INDIA, VRINDAVAN: Indian widows wave sparklers as they participate in a celebration for the Hindu festival Diwali on the banks of the Yamuna river in the northern city of Vrindavan on October 21, 2014. The women, who chanted as they walked through the streets of Vrindavan to mark the Hindu festival of Diwali, are widows who have left or been abandoned by their families. Until recently, they were kept hidden from society and all but forbidden to celebrate. But that is now changing, and local residents cheered the women on as they passed through the streets of the temple-filled town, many proudly wearing brand new saris gifted by a local organisation. AFP PHOTO / ROBERTO SCHMIDT
Diwali, or Dipawali, is India’s biggest and most important holiday of the year. On this day, people light up diyas and candles all around their house to drive away the darkness of Amavasya. They perform Laxmi Puja in the evening and seek divine blessings of the Goddess of Wealth. The festival of Diwali is never complete without exchange of gifts. People present diwali gifts to their loved ones.The exact day of the festival is decided by the position of the moon. Over the centuries, Diwali has become a national festival that is enjoyed by most Indians regardless of faith: Hindus, Jains, Buddhists, and Sikhs. North India celebrates the story of King Rama’s return to Ayodhya after he defeated Ravana by lighting rows of clay lamps. South India celebrates it as the day that Lord Krishna defeated the demon Narakasura. In western India the festival marks the day that Lord Vishnu, the Preserver (one of the main gods of the Hindu trinity), sent the demon King Bali to rule the nether world. On the first day of Diwali, housewives consider it auspicious to spring clean the home and shop for gold or kitchen utensils. On the second day, people decorate their homes with clay lamps or diyas and create design patterns called rangoli on the floor using colored powders or sand.This is the main day of the festival when families gather together for Lakshmi puja, a prayer to Goddess Lakshmi followed by mouth-watering feasts and firework festivities.This also is the first day of the new year when friends and relatives visit with gifts and best wishes for the season. On the last day of Diwali, brothers visit their married sisters who welcome them with love and a lavish meal.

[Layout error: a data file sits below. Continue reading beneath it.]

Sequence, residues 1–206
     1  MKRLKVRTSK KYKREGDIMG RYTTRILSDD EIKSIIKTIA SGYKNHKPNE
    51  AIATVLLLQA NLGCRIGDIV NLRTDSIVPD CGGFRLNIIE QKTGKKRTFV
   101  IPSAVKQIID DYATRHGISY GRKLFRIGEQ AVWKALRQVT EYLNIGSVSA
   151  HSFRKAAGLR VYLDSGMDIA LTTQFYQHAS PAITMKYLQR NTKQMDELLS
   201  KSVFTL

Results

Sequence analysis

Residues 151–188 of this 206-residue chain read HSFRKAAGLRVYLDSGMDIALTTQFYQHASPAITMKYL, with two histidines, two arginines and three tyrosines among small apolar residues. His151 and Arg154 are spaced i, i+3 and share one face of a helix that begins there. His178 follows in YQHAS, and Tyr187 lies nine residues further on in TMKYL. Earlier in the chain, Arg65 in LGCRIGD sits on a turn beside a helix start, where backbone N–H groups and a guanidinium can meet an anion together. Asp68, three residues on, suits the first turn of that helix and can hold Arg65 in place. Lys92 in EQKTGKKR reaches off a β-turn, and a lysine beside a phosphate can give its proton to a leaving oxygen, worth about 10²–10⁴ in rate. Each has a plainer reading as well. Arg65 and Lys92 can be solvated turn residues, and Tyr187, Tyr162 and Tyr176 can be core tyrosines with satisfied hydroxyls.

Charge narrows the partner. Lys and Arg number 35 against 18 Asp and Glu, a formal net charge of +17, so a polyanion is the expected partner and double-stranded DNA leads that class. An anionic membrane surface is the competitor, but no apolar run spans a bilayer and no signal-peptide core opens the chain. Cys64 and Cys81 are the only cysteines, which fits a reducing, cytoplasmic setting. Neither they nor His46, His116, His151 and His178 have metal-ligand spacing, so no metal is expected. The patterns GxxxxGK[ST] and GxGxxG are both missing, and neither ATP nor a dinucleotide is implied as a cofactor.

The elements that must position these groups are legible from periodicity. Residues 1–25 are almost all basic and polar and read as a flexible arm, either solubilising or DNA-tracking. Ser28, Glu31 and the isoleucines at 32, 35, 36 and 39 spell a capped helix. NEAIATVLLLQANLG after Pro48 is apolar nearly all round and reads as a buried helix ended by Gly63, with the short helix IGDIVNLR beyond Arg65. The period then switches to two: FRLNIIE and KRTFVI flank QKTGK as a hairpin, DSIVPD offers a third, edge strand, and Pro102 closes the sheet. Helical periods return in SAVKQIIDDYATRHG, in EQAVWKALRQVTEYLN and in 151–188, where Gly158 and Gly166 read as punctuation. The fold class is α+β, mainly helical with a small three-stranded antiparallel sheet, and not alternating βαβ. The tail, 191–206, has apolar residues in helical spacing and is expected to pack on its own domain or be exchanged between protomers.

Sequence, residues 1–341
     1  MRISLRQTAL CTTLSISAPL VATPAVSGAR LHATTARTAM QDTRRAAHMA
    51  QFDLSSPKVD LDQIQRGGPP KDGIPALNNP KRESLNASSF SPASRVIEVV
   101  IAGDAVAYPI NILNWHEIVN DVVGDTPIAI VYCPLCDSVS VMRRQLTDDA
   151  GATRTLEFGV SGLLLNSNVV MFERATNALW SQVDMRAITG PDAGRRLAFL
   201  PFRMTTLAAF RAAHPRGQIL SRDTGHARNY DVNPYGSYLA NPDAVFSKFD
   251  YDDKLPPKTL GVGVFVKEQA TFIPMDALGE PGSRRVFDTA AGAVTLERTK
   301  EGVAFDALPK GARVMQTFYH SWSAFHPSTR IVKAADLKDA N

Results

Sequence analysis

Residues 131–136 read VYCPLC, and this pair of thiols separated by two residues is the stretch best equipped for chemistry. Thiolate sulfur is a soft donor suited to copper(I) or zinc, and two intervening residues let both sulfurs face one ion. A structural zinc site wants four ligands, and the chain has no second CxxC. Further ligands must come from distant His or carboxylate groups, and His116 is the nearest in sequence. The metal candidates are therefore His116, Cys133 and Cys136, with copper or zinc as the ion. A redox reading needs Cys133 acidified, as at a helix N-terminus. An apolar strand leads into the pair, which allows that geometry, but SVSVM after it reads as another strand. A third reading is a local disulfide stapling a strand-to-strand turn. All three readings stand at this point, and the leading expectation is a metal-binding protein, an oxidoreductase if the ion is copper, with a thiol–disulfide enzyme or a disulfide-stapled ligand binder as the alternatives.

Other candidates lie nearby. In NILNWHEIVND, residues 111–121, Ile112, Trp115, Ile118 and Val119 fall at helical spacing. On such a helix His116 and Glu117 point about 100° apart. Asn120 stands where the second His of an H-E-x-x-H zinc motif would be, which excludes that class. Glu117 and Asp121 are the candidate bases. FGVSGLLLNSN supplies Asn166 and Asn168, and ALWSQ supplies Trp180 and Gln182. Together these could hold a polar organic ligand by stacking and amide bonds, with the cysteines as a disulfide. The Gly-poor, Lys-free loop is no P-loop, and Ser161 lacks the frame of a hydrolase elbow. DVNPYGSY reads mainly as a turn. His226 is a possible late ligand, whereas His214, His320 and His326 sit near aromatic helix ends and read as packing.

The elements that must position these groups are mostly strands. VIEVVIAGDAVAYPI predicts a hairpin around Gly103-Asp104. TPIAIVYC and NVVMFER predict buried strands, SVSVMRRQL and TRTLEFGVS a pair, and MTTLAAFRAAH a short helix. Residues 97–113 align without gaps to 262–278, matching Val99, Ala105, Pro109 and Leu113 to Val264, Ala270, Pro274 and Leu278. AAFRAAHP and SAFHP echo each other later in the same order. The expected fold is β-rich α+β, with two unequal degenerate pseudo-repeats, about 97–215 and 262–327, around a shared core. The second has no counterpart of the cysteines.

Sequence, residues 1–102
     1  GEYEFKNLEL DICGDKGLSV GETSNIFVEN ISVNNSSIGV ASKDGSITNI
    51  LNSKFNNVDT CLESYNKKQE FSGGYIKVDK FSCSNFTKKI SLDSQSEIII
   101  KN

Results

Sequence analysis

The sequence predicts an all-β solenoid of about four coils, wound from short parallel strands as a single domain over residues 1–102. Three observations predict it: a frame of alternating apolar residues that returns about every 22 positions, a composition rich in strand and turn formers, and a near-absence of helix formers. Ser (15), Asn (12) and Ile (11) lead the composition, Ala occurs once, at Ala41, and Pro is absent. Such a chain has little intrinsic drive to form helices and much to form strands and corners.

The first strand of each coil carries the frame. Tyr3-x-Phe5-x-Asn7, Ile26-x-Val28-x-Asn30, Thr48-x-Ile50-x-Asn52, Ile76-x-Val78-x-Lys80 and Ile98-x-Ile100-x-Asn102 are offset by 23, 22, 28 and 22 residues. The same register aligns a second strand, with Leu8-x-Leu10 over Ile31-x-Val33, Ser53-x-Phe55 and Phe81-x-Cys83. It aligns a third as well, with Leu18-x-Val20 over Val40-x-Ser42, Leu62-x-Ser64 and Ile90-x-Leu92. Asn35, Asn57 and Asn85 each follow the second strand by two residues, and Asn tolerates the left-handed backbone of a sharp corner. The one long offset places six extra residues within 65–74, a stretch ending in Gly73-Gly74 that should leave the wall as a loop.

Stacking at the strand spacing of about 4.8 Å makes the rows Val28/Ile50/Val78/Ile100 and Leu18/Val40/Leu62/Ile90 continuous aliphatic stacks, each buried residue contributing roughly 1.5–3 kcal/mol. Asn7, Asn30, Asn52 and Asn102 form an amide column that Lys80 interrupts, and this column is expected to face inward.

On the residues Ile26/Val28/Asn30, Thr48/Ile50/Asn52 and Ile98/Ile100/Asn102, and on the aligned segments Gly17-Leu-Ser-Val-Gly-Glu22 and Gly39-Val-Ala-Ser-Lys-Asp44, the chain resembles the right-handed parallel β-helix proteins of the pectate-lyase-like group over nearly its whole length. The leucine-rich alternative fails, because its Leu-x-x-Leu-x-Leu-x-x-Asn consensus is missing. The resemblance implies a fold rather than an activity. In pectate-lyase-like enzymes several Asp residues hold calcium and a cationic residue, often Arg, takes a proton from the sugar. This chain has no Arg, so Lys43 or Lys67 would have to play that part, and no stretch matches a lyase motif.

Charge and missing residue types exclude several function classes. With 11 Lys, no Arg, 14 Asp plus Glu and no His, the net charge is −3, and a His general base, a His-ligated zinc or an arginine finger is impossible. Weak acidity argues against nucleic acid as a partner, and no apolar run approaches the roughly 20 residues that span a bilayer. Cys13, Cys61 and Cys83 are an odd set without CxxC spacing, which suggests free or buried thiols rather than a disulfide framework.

Women make up just one percent of Afghanistan’s police force, and are often harassed and discriminated against by male colleagues. Police inspector Shakti Devi is working to change that culture and empower female officers. Devi works to secure justice for survivors of sexual and physical violence and established Women’s Police Councils where female officers can seek professional support.
For her efforts, Devi, who is originally from India, was awarded the 2014 International Female Peacekeeper Award. “Women must realize the essence of liberty and dignity. It is imperative for women to be aware of their inherent strength to fight all social, economic, political and all other adversities,” she said.